W. Somerset Maugham: The Moon and Sixpence

51. Chapter LII (continued)

"Yes; she hadn't a drop of white blood in her. Well, after I'd talked to her I sent for Strickland, and I said to him: `Strickland, it's time for you to settle down. A man of your age shouldn't go playing about with the girls down at the front. They're bad lots, and you'll come to no good with them. You've got no money, and you can never keep a job for more than a month or two. No one will employ you now. You say you can always live in the bush with one or other of the natives, and they're glad to have you because you're a white man, but it's not decent for a white man. Now, listen to me, Strickland.'"

Tiare mingled French with English in her conversation, for she used both languages with equal facility. She spoke them with a singing accent which was not unpleasing. You felt that a bird would speak in these tones if it could speak English.

"'Now, what do you say to marrying Ata? She's a good girl and she's only seventeen. She's never been promiscuous like some of these girls -- a captain or a first mate, yes, but she's never been touched by a native. Elle se respecte, vois-tu. The purser of the Oahu told me last journey that he hadn't met a nicer girl in the islands. It's time she settled down too, and besides, the captains and the first mates like a change now and then. I don't keep my girls too long. She has a bit of property down by Taravao, just before you come to the peninsula, and with copra at the price it is now you could live quite comfortably. There's a house, and you'd have all the time you wanted for your painting. What do you say to it?"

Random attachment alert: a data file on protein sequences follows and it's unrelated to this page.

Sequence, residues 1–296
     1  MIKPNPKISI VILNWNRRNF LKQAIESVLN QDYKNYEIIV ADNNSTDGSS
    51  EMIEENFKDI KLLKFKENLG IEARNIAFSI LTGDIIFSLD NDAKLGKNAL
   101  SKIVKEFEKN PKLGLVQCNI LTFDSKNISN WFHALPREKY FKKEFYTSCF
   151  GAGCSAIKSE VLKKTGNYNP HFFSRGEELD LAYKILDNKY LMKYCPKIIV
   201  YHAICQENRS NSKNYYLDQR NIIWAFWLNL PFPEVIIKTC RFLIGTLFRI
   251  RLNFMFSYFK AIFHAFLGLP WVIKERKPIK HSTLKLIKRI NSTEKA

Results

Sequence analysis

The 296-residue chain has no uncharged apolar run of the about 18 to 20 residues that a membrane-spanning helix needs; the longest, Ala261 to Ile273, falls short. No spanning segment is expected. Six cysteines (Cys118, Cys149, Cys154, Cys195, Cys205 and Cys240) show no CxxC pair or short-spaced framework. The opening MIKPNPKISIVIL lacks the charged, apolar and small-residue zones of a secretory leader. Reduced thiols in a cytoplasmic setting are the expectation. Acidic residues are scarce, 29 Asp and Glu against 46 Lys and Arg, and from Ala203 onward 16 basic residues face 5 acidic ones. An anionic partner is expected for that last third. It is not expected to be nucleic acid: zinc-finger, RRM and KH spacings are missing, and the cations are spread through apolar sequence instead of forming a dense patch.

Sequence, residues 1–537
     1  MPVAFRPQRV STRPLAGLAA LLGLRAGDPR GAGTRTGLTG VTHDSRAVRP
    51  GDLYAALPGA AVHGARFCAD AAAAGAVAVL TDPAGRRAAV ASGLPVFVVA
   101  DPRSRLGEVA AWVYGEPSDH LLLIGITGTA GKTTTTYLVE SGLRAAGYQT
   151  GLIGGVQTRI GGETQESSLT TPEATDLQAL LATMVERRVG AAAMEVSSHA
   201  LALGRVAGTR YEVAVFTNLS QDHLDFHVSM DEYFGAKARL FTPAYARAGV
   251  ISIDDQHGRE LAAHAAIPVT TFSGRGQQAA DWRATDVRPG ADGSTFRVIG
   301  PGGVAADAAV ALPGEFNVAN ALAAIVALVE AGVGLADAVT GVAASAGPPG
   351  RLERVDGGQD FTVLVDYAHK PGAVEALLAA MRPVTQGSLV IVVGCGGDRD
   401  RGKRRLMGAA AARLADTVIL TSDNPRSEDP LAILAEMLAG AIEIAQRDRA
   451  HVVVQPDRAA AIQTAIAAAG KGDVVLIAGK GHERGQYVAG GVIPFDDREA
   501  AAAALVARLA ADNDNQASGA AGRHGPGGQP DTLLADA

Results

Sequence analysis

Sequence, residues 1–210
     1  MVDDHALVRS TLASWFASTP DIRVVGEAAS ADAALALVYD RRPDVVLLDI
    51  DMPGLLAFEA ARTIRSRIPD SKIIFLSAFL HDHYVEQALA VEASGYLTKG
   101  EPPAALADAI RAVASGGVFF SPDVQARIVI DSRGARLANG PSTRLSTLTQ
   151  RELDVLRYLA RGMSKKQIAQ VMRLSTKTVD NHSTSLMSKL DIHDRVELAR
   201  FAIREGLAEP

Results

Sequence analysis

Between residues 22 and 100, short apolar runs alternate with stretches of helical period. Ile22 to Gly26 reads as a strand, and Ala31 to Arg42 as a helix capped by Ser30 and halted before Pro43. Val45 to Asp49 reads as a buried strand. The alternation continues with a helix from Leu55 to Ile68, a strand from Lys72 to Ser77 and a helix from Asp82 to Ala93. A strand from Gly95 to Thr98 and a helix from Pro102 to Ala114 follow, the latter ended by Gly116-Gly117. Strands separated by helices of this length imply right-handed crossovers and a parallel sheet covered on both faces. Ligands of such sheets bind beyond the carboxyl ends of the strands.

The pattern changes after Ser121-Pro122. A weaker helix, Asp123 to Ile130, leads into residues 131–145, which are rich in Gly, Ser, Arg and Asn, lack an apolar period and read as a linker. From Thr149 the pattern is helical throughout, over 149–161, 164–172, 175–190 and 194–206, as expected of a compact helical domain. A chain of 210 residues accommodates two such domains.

Tiare paused to take breath.

"It was then he told me of his wife in England. 'My poor Strickland,' I said to him, 'they've all got a wife somewhere; that is generally why they come to the islands. Ata is a sensible girl, and she doesn't expect any ceremony before the Mayor. She's a Protestant, and you know they don't look upon these things like the Catholics.'

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